- Teachers: Stop What You’re Doing - October 12, 2020
- Ending White Supremacy is a White Educators’ Fight - August 4, 2020
- Before a New School Year Begins, We Must Grieve - July 20, 2020
- Preparing for a Long Journey of Anti-Racist Teaching - June 11, 2020
- Mental Health Support for Remote Teaching and Learning - April 29, 2020
- New York City Schools Are Closed. Now What? - April 13, 2020
- 5 Unexpected Benefits of Remote Teaching - April 5, 2020
- President Mike Bloomberg Would Be a Nightmare for Public Schools - March 2, 2020
- It’s Time to Rethink Your School’s “Holiday” Celebrations - December 18, 2019
- We Teach Children, Not Curriculum - December 5, 2019
What happens when you feel more committed to the curriculum than the kids you teach? I’ve been thinking about this lately. It is my 11th year teaching, but it is my first time feeling immense pressure to keep up to a curriculum pacing calendar.
For those who don’t know, a pacing calendar is a tool used by curriculum publishing companies like Harcourt and/or schools and districts to let teachers know which lesson they should be on each day of school. In some places, these pacing calendars are incredibly strict. I once heard from a teacher in Kalamazoo, Michigan that in his district teachers were expected to follow the pacing calendar exactly. On a given day, a kindergarten teacher would be teaching the same reading lesson as every other kindergarten teacher in Kalamazoo.
Proponents of this kind of oversight argue in favor of it because it provides accountability for teachers and also provides consistency for children. Like a lot of ideas in education, it makes more sense in theory than in practice.Like a lot of ideas in education, it makes more sense in theory than in practice. Click To Tweet
I’m personally surprised I’ve made it this far into my teaching career without having a strict pacing guide. In my first school, we were told which skills and standards to teach each week, but beyond this, we had a lot of autonomy over how to teach them. This year though, I received a calendar that tells me which day I’m supposed to be completing each topic or theme in reading, writing, and math. The calendar also indicates when assessment scores are due. As I’ve fallen two, three, and five days behind, I’ve felt more stressed and insecure.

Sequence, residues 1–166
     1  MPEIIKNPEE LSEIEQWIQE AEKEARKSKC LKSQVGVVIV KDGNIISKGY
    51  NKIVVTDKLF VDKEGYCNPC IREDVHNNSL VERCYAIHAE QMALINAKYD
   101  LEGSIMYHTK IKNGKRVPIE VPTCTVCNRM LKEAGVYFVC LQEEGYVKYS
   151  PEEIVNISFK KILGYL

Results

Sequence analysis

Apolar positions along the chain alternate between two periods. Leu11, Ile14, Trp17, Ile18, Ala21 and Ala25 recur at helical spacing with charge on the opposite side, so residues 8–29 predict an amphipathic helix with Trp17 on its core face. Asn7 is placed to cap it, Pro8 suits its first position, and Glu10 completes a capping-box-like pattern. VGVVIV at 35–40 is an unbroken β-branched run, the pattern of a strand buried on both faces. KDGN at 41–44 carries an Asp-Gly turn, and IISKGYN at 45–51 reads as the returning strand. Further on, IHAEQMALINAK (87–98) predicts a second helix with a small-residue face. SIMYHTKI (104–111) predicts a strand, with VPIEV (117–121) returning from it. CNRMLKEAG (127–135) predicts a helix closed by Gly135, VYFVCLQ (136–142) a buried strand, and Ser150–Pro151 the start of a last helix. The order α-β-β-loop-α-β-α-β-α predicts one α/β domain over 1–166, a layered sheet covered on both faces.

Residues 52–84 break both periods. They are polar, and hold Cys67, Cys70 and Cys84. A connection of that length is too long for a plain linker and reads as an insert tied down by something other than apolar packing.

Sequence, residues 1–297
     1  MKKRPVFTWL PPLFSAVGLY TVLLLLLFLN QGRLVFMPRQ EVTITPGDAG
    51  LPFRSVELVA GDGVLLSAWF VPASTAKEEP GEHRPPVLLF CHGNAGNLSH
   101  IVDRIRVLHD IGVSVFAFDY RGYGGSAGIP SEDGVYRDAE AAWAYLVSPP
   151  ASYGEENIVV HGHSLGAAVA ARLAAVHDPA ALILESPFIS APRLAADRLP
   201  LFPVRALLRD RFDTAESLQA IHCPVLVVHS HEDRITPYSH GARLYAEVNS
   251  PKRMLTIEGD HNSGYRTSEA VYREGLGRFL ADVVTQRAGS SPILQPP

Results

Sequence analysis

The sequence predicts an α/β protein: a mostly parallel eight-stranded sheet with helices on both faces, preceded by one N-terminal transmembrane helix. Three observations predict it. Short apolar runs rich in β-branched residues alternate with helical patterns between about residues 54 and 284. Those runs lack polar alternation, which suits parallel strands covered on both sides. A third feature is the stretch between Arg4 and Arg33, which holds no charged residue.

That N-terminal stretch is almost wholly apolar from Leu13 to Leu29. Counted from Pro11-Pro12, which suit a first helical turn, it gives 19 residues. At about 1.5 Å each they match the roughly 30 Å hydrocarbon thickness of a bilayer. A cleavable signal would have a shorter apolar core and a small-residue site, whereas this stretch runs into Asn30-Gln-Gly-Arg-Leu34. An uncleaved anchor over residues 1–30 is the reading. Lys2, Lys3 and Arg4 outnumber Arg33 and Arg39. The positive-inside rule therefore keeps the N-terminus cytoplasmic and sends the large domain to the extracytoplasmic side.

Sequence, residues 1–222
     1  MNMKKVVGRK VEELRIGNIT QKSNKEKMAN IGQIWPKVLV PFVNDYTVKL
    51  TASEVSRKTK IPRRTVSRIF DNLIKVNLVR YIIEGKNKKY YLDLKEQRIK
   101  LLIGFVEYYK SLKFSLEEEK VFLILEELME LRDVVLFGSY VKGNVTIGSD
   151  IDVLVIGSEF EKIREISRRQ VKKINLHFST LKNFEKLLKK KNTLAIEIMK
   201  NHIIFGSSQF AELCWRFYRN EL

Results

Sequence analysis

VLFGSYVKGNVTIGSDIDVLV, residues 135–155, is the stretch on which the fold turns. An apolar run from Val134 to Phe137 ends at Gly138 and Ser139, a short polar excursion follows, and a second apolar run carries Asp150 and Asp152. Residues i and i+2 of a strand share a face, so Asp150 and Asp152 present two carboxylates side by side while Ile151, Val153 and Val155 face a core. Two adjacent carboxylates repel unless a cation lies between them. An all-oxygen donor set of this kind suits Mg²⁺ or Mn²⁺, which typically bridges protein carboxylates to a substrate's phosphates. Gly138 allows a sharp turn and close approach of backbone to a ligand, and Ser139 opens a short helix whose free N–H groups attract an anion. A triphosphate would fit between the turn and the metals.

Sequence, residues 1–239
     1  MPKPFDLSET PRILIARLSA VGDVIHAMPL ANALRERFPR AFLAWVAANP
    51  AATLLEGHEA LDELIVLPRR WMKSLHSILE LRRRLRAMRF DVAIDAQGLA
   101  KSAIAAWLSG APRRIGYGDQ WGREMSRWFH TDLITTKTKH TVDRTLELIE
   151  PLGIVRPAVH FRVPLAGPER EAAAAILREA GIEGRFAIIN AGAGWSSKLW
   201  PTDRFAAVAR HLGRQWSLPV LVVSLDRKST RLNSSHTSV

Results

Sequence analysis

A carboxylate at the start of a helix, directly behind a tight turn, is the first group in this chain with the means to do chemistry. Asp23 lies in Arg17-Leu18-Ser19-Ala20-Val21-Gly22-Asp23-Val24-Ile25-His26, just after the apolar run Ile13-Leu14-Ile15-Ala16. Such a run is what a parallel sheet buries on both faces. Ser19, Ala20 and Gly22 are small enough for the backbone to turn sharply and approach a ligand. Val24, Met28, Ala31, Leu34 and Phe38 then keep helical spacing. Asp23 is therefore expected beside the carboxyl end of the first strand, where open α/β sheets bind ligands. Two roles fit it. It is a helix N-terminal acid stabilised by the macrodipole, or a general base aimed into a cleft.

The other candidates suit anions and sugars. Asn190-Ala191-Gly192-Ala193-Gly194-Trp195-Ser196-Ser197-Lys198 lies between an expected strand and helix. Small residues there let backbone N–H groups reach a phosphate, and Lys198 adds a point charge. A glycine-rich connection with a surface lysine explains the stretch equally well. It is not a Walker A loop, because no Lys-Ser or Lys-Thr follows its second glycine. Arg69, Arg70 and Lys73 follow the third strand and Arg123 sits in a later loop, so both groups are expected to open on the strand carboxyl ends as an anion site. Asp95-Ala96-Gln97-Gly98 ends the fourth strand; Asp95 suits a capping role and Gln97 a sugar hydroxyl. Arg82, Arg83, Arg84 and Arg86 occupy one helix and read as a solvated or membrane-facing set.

The problem with calendars like mine is they are often not built to accommodate real life. In real life, field trips, picture day happen and teaching has to be adjusted. For example, one day I broke up two separate fights after lunch. Some days, the kids just don’t get what I’m trying to teach, and I need to regroup and try it another way tomorrow.
With the pacing calendar, I feel a lot of pressure to keep moving forward with the curriculum, no matter what has transpired in my class that day. I feel more obligated to the curriculum instead of the children.
This year I’m teaching a new math curriculum from Pearson called Envision Math. It’s a fine curriculum. I don’t like it more or less than others I’ve used.
The main challenge, as always, is that about three-quarters of my students are one or more grades behind. It is my 11th year teaching, and I still haven’t quite figured out the right solution to this problem. I want to prepare my students for grade-level mastery. But I need to help them master prerequisite skills first. The pacing calendar doesn’t help.
The pacing calendar told me to start the year with multiplication. We’ve spent the past 50-something days working on various strategies for multiplication and division, and I’m seeing progress. But we’re about five days behind, and my kids definitely need more practice. They need more practice with addition too. About one-third of my kids can’t add or subtract within 20 without a pencil and paper.
And these are just the academic needs I feel pressured to rush past.
We have 15 minutes for morning circle each day, but beyond that, my pacing calendar doesn’t leave time for teaching about emotions, conflict resolution, or understanding the scary events shaping my students’ lives. I need more time to teach my kids about setting boundaries, saying sorry, and standing up for what’s right. I want more time for my kids to practice working in teams and cooperating.
All these need to happen on the good days. There are days when my kids are dealing with intense emotions from something that happened at home or maybe during lunchtime. Sometimes as many as half the kids are upset and overwhelmed. On days like this, I want to throw out the lesson plan. But I feel anxious about falling further behind.
As I write this, I know I will have to find a way to integrate these so-called “soft skills” into reading, writing, and math. I don’t necessarily begrudge this. As an elementary school teacher, I know that social-emotional learning needs to be woven in throughout the day.
But, ultimately, I am frustrated, because the pacing calendar represents our school’s priorities for learning. And the priority seems to be the curriculum. And we don’t teach a curriculum, we teach children.